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to Strike, ECF No. 316 ("Pls.' 56(e) Mot."). Upon careful consideration of the parties' submissions6 and the several voluminous administrative records in this case, the Court grants

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partial summary judgment to each party as outlined below, and the Court further denies the plaintiffs' Rule 56(e) motion for additional discovery or, in the alternative, to strike.

I. BACKGROUND

An initial overview of several statutes is necessary to provide context for the plaintiffs' claims in this litigation.

A. Statutory Background

1. The ESA

The ESA is "the most comprehensive legislation for the preservation of endangered species ever enacted by any nation." Tenn. Valley Auth. v. Hill, 437 U.S. 153, 180 (1978). Congress designed the ESA "to save from extinction species that the Secretary of the Interior designates as endangered or threatened." Babbitt v. Sweet Home Chapter of Cmtys. for a Great Or., 515 U.S. 687, 690 (1995). With the exception of certain insects, the ESA defines an "endangered species" as "any species which is in danger of extinction throughout all or a significant portion of its range." 16 U.S.C. § 1532(6). A "threatened species" is defined as "any species which is likely to become an endangered species within the foreseeable future throughout all or a significant portion of its range." Id. § 1532(20). The ESA generally prohibits the taking of an endangered or threatened species, id. § 1538(a)(1)(B)-(C), and the term "take" is defined as

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"to harass, harm, pursue, hunt, shoot, wound, kill, trap, capture, or collect, or to attempt to engage in any such conduct," id. § 1532(19). However, the Secretary of the Interior or the Secretary of Commerce "may permit," under certain circumstances, "any taking otherwise prohibited by section 1538(a)(1)(B) of this title if such taking is incidental to, and not the purpose of, the carrying out of an otherwise lawful activity." Id. § 1539(a)(1)(B).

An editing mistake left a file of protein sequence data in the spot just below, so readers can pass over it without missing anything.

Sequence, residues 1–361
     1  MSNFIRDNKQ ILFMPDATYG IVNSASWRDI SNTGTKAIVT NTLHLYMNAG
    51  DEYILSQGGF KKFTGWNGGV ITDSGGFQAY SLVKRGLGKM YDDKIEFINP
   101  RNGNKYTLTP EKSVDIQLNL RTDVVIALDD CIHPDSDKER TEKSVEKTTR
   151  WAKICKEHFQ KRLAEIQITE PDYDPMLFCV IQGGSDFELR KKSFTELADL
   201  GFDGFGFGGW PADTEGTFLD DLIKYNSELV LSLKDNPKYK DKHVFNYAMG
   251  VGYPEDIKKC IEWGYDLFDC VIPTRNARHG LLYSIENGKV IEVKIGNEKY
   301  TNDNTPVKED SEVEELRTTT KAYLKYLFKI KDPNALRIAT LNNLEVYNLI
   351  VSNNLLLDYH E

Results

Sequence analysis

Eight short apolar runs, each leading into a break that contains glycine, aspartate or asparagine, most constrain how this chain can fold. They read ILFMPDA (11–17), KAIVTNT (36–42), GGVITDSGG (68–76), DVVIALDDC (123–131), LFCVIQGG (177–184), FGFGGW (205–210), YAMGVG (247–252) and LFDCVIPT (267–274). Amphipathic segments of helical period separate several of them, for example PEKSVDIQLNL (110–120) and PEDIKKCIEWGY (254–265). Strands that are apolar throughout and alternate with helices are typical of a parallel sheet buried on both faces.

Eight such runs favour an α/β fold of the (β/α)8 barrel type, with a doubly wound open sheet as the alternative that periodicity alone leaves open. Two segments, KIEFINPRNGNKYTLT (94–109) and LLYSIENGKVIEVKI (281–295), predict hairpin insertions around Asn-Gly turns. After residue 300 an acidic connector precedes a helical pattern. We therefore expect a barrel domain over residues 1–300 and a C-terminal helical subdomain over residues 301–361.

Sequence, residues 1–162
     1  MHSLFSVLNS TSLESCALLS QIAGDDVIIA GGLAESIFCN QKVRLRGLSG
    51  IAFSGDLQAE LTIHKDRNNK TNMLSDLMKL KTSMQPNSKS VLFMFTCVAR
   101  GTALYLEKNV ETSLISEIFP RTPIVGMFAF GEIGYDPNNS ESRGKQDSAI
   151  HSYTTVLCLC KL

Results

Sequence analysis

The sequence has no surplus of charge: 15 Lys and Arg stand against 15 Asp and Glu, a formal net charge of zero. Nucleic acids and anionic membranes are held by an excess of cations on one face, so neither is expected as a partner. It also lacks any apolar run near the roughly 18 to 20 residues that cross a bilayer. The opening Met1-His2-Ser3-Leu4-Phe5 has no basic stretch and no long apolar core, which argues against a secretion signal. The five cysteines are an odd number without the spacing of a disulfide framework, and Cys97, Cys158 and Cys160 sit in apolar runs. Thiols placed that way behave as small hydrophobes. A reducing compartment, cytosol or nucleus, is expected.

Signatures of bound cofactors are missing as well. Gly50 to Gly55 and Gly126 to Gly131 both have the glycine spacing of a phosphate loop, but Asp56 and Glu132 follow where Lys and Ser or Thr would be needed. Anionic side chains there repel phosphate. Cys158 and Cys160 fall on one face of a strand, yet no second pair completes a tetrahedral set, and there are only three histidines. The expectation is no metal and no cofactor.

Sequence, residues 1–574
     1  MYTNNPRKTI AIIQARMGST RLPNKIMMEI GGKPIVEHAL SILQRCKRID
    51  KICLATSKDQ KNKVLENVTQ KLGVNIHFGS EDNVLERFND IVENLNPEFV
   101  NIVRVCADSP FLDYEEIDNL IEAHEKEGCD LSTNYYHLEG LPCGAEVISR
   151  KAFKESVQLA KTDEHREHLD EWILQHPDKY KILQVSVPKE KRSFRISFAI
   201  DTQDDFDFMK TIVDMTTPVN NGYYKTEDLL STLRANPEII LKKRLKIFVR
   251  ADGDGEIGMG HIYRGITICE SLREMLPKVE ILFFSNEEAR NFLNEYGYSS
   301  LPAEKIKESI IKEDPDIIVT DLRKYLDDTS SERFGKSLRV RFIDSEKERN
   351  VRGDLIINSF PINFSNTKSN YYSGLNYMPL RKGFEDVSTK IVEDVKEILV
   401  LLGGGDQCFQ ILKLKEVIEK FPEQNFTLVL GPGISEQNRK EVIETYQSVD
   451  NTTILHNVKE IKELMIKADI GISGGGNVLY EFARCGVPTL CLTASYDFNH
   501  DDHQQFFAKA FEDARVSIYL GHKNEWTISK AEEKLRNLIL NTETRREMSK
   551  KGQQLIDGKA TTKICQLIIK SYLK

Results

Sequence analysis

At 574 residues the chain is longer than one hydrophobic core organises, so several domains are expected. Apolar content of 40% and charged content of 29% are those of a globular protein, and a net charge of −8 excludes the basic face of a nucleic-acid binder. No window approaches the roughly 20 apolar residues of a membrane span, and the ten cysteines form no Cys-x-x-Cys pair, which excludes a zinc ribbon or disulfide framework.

The Secretary of the Interior and the Secretary of Commerce have delegated the authority to administer the ESA to the FWS and the NMFS. 50 C.F.R. § 402.01(b). Section 7(a)(2) of the ESA mandates that

[e]ach Federal agency shall, in consultation with and with the assistance of the [FWS or NMFS, as appropriate], insure that any action authorized, funded, or carried out by such agency . . . is not likely to jeopardize the continued existence of any endangered species or threatened species . . . .

16 U.S.C. § 1536(a)(2). In carrying out their duties under § 7, agencies "shall use the best scientific and commercial data available." Id.

An agency action "jeopardize[s] the continued existence" of a species where the action "reasonably would be expected, directly or indirectly, to reduce appreciably the likelihood of both the survival and recovery of a listed species in the wild by reducing the reproduction, numbers, or distribution of that species." 50 C.F.R. § 402.02. Accordingly, "[e]ach Federal agency shall review its actions at the earliest possible time to determine whether any action may affect listed species," and "[i]f such a determination is made, formal consultation" with the FWS and/or the NMFS is required. Id. § 402.14(a). The formal consultation process requires the FWS and/or the NMFS to review the proposed agency action and prepare a "biological opinion" that includes "[a] detailed discussion of the effects of the action on listed species," and also render an "opinion on whether the action is likely to jeopardize the continued existence of a listed species." Id. §§ 402.14(h)(2)-(3). Where the biological opinion concludes that an agency

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action may result in the incidental taking of a listed species, the FWS and/or NMFS must "provide with the biological opinion a statement concerning incidental take that" specifies both "the amount or extent[] of such incidental taking on the species," as well as "terms and conditions . . . that must be complied with by the Federal agency or any applicant to implement" certain specified "reasonable and prudent measures" designed to minimize the impact of the incidental taking. Id. §§ 402.14(i)(1)(i)-(ii), (iv); see also id. § 402.14(g)(7). Any such "[r]easonable and prudent measures, along with the terms and conditions that implement them, cannot alter the basic design, location, scope, duration, or timing of the action and may involve only minor changes." Id. § 402.14(i)(2).

2. The Migratory Bird Treaty Act

The Migratory Bird Treaty Act, unless otherwise "permitted by regulations," makes it "unlawful at any time, by any means or in any manner, to . . . take[7] . . . kill, [or] attempt to take . . . or kill . . . any migratory bird, any part, nest, or egg of any such bird . . . included in" certain bilateral treaties8 adopted for the protection of migratory birds. 16 U.S.C. § 703(a). Violations of the Act can result in criminal sanctions. See id. §§ 706-707. However, "the Secretary of the Interior is authorized," upon consideration of certain factors, "to determine when, to what extent, if at all, and by what means . . . to allow . . . [the] taking . . . [or] killing" of protected migratory birds. Id. § 704(a); see also 50 C.F.R. § 21.11 (addressing the requirement for permits to, among other things, take or kill migratory birds). The FWS, which implements and enforces the

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Migratory Bird Treaty Act on behalf of the Secretary of the Interior, 50 C.F.R. § 10.1, maintains a list of protected migratory birds as outlined in the...